Temperature can be defined as a measurement of how quickly molecules are moving within a material. As molecules move faster, they collide more frequently, making chemical reactions more likely. Molecules move more rapidly at higher temperatures, so heat accelerates the chemical reactions that cause deterioration. As a general rule of thumb, the rate of many chemical reactions is doubled with an increase of 18°F. Thus, a lower temperature means a slower rate of deterioration.
Relative humidity refers specifically to the amount of water vapor contained in the air (e.g., 30%, 40%) at a given temperature (e.g., 65°F, 80°F), relative to the total amount of water vapor the air is capable of holding at that temperature (which would be 100%).
The amount of water vapor in the air is important for two reasons: moisture provides fuel for the chemical reactions that cause deterioration (e.g., acid hydrolysis), and it causes physical damage such as swelling and shrinking. Organic materials such as paper naturally try to come to equilibrium with the surrounding air, so they absorb moisture as the relative humidity rises, and release moisture as it falls. Thus, higher relative humidity results in a quicker deterioration rate. Very low relative humidity can result in dessication and cracking of some materials. Frequent fluctuations in relative humidity (and temperature) are even more damaging.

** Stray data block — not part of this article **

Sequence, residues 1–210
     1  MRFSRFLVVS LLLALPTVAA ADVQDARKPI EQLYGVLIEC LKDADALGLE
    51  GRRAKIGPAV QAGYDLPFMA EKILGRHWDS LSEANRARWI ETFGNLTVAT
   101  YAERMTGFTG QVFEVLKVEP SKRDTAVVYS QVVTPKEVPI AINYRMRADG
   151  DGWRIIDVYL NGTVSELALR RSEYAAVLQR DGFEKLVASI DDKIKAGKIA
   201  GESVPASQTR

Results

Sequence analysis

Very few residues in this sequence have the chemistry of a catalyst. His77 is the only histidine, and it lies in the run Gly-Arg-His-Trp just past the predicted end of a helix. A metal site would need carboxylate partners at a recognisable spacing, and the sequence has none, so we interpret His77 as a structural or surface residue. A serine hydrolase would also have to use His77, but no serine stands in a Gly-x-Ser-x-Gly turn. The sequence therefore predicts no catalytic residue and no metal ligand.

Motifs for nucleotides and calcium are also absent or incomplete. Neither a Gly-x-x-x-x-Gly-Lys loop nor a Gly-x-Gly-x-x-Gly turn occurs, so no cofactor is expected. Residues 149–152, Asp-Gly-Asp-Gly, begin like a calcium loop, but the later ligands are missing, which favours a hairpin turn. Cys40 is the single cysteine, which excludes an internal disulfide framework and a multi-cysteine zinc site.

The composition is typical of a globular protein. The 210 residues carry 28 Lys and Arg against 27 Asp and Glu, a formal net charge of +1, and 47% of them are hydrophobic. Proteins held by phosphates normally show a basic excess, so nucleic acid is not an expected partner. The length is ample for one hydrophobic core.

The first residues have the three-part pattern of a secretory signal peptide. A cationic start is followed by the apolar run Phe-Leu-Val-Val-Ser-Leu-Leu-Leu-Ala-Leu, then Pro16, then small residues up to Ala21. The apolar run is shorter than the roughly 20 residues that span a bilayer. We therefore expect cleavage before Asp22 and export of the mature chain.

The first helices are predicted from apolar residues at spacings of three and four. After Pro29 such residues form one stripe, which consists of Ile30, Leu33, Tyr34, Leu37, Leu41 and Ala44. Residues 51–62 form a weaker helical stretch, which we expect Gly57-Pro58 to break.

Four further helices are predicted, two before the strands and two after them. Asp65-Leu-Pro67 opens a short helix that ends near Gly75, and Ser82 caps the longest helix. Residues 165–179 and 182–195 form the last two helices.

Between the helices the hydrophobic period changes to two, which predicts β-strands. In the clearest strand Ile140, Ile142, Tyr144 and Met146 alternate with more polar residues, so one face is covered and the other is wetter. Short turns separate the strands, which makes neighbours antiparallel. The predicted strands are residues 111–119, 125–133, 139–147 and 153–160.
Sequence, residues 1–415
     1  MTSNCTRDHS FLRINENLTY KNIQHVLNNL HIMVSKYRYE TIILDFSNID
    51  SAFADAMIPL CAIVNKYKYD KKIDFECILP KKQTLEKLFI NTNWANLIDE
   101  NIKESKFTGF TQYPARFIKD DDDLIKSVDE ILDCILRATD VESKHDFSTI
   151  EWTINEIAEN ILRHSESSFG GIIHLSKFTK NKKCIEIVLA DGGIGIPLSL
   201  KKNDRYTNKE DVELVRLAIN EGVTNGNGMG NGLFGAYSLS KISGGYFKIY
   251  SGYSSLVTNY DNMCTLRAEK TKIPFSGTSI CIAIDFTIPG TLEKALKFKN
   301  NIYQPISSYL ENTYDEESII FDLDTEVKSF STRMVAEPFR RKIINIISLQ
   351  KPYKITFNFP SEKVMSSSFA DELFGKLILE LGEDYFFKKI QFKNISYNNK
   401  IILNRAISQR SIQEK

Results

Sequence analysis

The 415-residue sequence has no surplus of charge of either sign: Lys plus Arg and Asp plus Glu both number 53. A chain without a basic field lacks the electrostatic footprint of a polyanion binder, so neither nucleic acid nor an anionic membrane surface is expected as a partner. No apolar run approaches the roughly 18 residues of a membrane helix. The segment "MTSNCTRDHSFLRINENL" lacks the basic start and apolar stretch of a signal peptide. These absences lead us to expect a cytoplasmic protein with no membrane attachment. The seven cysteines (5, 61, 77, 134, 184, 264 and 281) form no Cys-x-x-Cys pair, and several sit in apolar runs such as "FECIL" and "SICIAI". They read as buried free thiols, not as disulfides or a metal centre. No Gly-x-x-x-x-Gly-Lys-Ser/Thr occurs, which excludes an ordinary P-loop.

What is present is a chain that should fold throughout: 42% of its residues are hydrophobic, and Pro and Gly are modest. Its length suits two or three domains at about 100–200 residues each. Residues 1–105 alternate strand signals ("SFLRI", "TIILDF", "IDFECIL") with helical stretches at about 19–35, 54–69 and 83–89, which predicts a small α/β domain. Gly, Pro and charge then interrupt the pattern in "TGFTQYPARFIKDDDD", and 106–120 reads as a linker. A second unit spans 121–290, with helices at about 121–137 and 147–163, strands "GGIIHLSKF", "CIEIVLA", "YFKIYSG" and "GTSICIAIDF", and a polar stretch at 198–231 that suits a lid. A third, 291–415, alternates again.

When managing climate within collections storage spaces, it is crucial to understand that air is capable of holding more water vapor at higher temperatures. Thus, given that the absolute amount of water vapor in the air remains the same (unless moisture is added or taken away through humidification or dehumidification), the relative humidity will go down if the temperature is raised, and it will go up if the temperature is lowered.
Take a few moments to reflect on the scenario below. Why do you think this problem occurred? Click on Show Answer to see.
Scenario: The River's End Historical Society, concerned that their collections suffer from extremely low humidity in winter, has recently added a humidification system to their building. When the curator comes to work one cold morning in December, she notices that there is water running down the inside of the windows in the library room.
Question: What is causing this and what should she do?
The water running down the window glass is condensation. When the relative humidity is 100%, the air is saturated with moisture, and excess moisture condenses out of the air—this is known as the dewpoint. As the temperature dropped outside, the window glass became cold. The heated air inside the building (which contained extra moisture added by the humidification system) cooled at the window, causing the relative humidity of that air to rise higher than desired. Eventually the dewpoint temperature was reached and moisture condensed out of the air.
The curator should immediately reevaluate the use of the humidification system. Condensation may also be occurring within walls even though it cannot be seen, and it could lead to mold or other problems. If careful monitoring to ensure the relative humidity does not get too high is not possible, the humidification system should not be used. A safer way to increase the humidity in winter would be to lower the heat in storage areas to about 60°F.